The Internet has truly made the world much smaller. No matter how far away from home you’re applying for Teaching English as a Foreign Language (TEFL) jobs, there’s an increasing chance you will have a telephone or Skype interview before you snag your first teaching position.
If the thought of doing an interview for your new field terrifies the (insert noun here) out of you, you can relax a little – it would be rare indeed for your prospective boss to try and trip you up by asking about an obscure grammar rule.
Why do they want to talk to you?
There are three common reasons a school would arrange an interview with you, either via telephone or video call with a program such as Skype.
1. Can they understand you?
If the school doesn’t believe that your English is clear and proper, then they will probably won’t be offering you a job. So, to make sure you sound your best, before the interview is scheduled to begin, search out a quiet place and banish all distractions. Adjust the volume on your phone or computer so that you can also hear them—remember it’s important for you to understand them clearly as well. During the call, slow down your speech and remember to enunciate.
2. Are you a polite and friendly person?
It’s not much of a stretch for a school to assume that a teacher who is not friendly and communicative during the interview will have the same demeanor in the classroom. They want to know that you’ll be interested in and engaging with your students—so answer your phone call with a smile on your face (yes, even if it’s not a video call!). If you don’t like people and enjoy talking to others, then it’s a sign teaching may not be the right job for you.
3. Do you ‘play well with others?’
The school wants to know if you will be an easy employee for them to work with. This is Asia’s Number One hiring criterion. Interviewers would like to see that you’re a flexible, patient person who can go with the flow. Not only is this an indicator of a good employee and teacher, but patience and flexibility are required if you want to live abroad happily. While there will always be cultural differences in the TEFL workplace, a savvy boss will want to see how well you might be able to deal with those when they crop up.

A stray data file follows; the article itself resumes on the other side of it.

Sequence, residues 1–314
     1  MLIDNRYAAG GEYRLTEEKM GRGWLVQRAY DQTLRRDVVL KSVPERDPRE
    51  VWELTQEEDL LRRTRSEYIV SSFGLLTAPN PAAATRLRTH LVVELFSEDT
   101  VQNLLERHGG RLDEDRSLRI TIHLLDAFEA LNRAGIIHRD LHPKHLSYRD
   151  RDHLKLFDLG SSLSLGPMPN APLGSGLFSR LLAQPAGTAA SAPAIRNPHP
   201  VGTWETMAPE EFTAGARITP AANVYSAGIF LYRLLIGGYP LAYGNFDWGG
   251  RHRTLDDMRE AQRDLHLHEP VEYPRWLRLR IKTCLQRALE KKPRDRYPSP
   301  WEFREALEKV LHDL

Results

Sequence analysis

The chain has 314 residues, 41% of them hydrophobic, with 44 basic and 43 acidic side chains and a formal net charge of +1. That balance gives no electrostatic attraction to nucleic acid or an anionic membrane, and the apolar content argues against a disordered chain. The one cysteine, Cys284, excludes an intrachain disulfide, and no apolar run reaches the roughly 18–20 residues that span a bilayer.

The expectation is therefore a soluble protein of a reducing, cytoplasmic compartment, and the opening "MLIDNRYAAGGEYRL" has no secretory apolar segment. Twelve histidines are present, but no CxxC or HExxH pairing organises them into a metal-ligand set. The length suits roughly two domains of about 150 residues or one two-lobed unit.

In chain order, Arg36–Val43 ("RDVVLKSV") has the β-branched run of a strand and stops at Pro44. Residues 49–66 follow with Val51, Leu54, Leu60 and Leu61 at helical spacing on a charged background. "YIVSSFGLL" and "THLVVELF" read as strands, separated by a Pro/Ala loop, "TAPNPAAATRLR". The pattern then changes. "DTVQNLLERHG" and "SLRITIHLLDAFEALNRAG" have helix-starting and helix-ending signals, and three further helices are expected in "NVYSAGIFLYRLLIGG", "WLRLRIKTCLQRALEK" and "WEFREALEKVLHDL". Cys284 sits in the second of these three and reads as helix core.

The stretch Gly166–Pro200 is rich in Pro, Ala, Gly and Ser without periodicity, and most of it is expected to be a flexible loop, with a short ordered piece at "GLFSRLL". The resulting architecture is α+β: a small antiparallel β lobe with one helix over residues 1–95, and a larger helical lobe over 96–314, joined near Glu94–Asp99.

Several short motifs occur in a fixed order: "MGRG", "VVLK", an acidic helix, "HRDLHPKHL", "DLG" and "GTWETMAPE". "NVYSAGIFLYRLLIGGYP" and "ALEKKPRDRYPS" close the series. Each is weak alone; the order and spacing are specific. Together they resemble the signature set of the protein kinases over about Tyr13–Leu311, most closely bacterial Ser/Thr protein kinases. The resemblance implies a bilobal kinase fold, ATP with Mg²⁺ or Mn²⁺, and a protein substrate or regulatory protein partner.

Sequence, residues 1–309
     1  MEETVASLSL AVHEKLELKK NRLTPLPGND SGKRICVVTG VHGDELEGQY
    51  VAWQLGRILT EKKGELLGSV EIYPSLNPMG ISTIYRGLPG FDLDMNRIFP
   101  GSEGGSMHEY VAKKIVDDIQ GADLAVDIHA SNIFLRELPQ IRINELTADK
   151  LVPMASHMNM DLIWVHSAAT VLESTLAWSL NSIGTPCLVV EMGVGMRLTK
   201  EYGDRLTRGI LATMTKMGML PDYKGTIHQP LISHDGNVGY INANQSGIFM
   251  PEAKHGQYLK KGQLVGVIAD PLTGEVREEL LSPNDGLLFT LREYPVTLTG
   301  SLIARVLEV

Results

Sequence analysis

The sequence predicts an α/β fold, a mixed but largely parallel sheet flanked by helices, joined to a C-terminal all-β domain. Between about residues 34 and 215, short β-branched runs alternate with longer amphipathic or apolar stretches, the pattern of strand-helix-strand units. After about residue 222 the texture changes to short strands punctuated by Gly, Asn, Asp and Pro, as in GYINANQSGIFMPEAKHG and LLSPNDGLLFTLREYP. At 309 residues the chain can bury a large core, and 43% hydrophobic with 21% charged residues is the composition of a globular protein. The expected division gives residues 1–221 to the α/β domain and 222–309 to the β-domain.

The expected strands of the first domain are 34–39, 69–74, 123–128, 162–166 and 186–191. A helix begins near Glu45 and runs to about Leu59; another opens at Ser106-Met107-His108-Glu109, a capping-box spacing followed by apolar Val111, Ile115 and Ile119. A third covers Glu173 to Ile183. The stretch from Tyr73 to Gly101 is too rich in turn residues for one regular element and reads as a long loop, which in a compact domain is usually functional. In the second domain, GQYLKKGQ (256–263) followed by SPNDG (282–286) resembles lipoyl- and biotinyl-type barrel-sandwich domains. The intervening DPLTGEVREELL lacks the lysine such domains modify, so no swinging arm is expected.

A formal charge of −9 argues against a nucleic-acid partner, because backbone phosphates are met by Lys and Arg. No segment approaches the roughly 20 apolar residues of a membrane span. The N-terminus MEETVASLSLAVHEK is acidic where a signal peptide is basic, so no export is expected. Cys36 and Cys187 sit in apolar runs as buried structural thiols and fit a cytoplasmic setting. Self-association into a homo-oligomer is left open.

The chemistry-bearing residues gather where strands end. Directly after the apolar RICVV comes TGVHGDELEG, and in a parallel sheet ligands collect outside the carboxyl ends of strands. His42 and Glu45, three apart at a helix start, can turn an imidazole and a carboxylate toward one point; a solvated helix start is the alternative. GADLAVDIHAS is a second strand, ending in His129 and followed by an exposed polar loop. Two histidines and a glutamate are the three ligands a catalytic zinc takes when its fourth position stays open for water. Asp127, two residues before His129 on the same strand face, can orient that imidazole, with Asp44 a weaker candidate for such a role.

While in a Western job interview there might be some expectation for the prospective employee to be assertive and “stick up for herself or himself,” this is best avoided in a telephone EFL job interview. Instead of showing that you’re possibly an inappropriately assertive individual, it may just show them that you’re going to be a pain in the (insert noun here).
And, on that topic, TEFL newbies will find that they have more success when they approach a new job—and even the whole new country—with sensitivity and finesse. Try to problem-solve by working out difficulties and communicating with people rather than by trying to impose your opinions and viewpoint.
TED’s Tips™ #1: Speak slowly and clearly in your interview. Slang and idioms may make you seem unprofessional, or difficult to understand if the connection is bad. However, don’t swing too far in the other direction—you’ll look silly if you’re speaking baby talk to the interviewer.
TED’s Tips™ #2: Even though you won’t be in the same room as your interviewer, take some time to consider where YOU will be. Find a quiet place and adjust your headphones or speakers to the optimal sound quality before the call begins.
TED’s Tips™ #3: When the call comes through, answer the call in a friendly but professional way. Make like a telemarketer and smile while you greet your caller—even though they can’t see you. Phone solicitors know that smiling while you talk makes your voice sound friendly.
If you take these simple steps to heart, you’ve got a good chance of impressing your future boss and securing that dream job. Good luck!